"Simon's a rat," he told her. "He's not." She hiccuped on a sob. "He'll come back. He and Kirsty aren't really —"

"He and Kirsty are really,'he told her. It wasn't helping anything if she kept deceiving herself. "He really is a rat, and you can't love a rat. Think about the life they lead down there in the sewers. Gross. Come on, Em.You can do better than that."

"Says you," she whispered. "You lost your lady-rat five years ago, and have you done better since Gina left? I don't think so."

"Hey!" He was so startled he almost spilled his beer. How did Em know about Gina? Then he gave an inward groan. How could she not? Everyone knew everything in this dratted house. Sometimes he thought they were even privy to his dreams.

"We're not talking about me," he said, trying to sound neutral. "We're talking about you. You're the one who needs to recover from a broken heart."

"Well, I'm not going to learn from you, then," she wailed. "Five years, and you're still not over it. Charles says you're just as much in love with Gina as you were five years ago, and for me it's just starting. Oh, Cal, I can't bear it."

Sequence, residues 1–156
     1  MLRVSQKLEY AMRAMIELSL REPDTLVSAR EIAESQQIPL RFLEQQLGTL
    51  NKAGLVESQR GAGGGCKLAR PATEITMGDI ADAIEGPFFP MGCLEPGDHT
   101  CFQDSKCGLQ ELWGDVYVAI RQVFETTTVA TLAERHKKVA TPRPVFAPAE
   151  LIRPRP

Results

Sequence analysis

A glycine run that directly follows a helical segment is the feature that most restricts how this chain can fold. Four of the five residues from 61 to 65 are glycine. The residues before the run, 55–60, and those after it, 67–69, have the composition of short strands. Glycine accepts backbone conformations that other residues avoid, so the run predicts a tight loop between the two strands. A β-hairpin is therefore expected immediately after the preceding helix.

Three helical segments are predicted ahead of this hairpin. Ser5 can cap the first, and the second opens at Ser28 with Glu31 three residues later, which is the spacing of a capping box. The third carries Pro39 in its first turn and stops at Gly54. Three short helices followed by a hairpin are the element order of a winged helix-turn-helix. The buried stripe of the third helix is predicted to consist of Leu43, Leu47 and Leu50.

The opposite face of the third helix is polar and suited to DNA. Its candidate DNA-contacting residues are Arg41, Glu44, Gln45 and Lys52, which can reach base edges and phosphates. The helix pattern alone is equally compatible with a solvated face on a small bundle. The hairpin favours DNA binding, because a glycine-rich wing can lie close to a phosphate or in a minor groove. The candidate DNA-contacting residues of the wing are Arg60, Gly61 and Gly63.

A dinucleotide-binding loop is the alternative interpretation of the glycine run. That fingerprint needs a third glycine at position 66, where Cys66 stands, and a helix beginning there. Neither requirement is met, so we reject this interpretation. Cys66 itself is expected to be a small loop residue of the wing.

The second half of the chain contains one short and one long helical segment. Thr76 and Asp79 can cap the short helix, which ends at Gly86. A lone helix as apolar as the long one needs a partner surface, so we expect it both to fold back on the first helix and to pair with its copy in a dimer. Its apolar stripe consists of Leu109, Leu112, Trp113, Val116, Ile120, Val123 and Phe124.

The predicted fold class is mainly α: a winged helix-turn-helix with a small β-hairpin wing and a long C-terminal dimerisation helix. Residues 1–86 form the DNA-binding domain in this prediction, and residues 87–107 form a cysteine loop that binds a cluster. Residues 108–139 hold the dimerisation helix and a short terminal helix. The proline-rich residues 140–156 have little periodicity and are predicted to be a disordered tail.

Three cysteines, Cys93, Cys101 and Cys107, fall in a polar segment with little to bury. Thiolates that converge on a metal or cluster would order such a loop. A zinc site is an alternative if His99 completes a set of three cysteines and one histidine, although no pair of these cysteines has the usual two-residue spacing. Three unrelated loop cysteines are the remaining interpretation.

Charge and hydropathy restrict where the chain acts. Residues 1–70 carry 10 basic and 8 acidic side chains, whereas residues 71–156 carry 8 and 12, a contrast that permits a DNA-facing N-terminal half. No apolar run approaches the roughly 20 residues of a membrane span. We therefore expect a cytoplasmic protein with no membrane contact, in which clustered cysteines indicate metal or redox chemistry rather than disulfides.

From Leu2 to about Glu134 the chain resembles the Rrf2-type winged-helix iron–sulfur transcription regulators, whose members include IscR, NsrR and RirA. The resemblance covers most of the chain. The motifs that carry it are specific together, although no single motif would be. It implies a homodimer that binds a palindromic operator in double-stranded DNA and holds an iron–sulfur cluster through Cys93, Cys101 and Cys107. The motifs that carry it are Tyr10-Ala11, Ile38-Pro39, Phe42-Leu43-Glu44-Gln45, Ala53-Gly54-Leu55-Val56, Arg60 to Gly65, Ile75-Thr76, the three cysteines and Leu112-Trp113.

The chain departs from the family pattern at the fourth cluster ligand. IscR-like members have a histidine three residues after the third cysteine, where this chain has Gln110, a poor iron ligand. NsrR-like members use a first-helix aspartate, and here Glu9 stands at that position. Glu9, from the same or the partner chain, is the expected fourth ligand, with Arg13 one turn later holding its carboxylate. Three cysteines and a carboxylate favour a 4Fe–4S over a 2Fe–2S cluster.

Gunyamurra. Three hundred miles south. A birth and then...a heartbeat?

No. It was her imagination. There was nothing.


Distressed beyond measure, the girl stared down at the tiny scrap of humanity that should have been her son. Maybe he could have been her son. Given another life.

How could she have hoped this child would live? She was little more than a child herself, so how could she have ever dared to dream? How could she have ever deserved something so wonderful as a baby?

Now what? Living, this child might well have made her life explode into meaning. But now...

It would all go on as before, the girl thought drearily. Somehow.

Her body ached with physical pain and desolate loss. She was weighed down, sinking already back into the thick, grey abyss of the last few months' despair.